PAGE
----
November 02, 2020 | Talking Points Memo
A Lame Duck Trump Admin Will Do All It Can To Pilfer Before Jan. Dems Must Be Ruthless In Thwarting It.
The way tomorrow’s election will go remains highly uncertain. If Trump loses, however, there is no doubt that his administration will set about destroying and pilfering all that it can. Already, as they stare down the barrel of electoral defeat, Trump and his entourage are previewing their lame-duck plan to shovel every federal dollar they can to family and friends.
October 29, 2020 | The American Prospect
Note to Biden: A President Can Do a Lot Even Without the Senate
For almost four years, the breathtaking cruelty, mismanagement, and corruption of the Trump administration have kept the pundits yapping, the printing presses running, angry congressional letters flying, and the Twittersphere ablaze. Depending on the results of next Tuesday’s election, however, Joe Biden may soon be in a position to actually do something about it all. As Biden and his advisers survey the rubble, it will be important that they not get distracted by the nonsense (“I will tweet less” is not a compelling administrative pillar), but rather home in on those features of the Trump administration that have made life worse for millions.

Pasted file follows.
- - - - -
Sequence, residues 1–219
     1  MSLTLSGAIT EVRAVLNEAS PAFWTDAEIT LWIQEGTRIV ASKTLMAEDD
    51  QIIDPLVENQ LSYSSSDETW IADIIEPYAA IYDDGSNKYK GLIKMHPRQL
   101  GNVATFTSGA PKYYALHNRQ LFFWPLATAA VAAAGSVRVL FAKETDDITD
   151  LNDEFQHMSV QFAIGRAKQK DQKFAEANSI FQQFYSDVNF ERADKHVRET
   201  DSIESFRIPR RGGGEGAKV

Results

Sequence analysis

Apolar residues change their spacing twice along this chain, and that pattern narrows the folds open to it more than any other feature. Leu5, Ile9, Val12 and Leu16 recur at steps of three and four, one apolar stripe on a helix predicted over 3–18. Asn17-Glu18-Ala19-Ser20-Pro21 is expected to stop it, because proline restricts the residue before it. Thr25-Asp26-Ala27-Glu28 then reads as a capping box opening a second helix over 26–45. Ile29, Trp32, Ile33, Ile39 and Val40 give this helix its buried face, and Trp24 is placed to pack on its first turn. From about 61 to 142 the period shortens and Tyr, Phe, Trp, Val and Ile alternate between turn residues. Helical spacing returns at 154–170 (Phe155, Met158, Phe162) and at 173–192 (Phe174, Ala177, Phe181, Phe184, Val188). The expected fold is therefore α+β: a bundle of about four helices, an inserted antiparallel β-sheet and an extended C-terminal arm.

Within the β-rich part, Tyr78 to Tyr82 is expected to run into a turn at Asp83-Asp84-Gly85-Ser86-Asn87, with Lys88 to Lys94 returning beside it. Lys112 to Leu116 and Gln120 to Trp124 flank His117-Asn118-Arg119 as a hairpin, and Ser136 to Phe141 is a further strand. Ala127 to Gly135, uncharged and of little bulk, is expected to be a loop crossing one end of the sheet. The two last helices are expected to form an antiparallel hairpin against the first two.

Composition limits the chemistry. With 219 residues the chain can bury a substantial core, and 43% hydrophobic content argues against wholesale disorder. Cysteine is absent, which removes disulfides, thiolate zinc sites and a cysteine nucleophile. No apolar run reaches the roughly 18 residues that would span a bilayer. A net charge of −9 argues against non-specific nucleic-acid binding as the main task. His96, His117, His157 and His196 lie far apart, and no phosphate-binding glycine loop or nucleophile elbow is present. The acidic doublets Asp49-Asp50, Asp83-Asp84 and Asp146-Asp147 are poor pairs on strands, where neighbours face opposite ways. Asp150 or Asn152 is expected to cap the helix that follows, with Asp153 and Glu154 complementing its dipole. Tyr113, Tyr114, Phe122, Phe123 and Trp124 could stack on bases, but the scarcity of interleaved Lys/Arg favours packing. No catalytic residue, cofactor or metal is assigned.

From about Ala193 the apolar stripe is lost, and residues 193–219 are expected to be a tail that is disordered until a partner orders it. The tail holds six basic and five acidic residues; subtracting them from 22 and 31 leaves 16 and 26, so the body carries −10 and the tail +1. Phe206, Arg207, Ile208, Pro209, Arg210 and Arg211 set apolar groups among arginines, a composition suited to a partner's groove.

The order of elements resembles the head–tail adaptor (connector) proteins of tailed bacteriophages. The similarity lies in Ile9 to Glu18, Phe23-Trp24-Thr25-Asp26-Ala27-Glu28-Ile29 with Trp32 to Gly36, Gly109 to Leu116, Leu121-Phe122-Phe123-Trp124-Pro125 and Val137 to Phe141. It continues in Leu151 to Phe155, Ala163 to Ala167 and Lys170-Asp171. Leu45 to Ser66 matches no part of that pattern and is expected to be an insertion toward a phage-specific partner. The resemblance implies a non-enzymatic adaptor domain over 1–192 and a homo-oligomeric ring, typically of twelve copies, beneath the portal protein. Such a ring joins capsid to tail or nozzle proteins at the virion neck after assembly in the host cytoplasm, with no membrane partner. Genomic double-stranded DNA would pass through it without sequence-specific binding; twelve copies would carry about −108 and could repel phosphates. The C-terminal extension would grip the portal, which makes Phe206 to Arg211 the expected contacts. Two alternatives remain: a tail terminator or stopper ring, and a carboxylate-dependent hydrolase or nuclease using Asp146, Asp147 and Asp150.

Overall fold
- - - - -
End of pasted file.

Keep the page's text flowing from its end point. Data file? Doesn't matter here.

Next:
October 23, 2020 | Public Seminar
Donald Trump Politicized the Federal Bureaucracy: The Next President Needs to Reverse That
In an effort to mitigate the political damage from failing to contain the virus and manage its corollary crises, the White House recently mandated that the Department of Agriculture include a signed letter from Donald Trump inside food boxes, claiming credit for the federal program providing food to families in need. The move effectively politicized the taxpayer funded program as a tool of the president’s own self-promotion just a month before the election. Even worse, the department’s inclusion of the letter has jeopardized the program’s operation, as distribution sites fear they will be improperly engaging in political activity.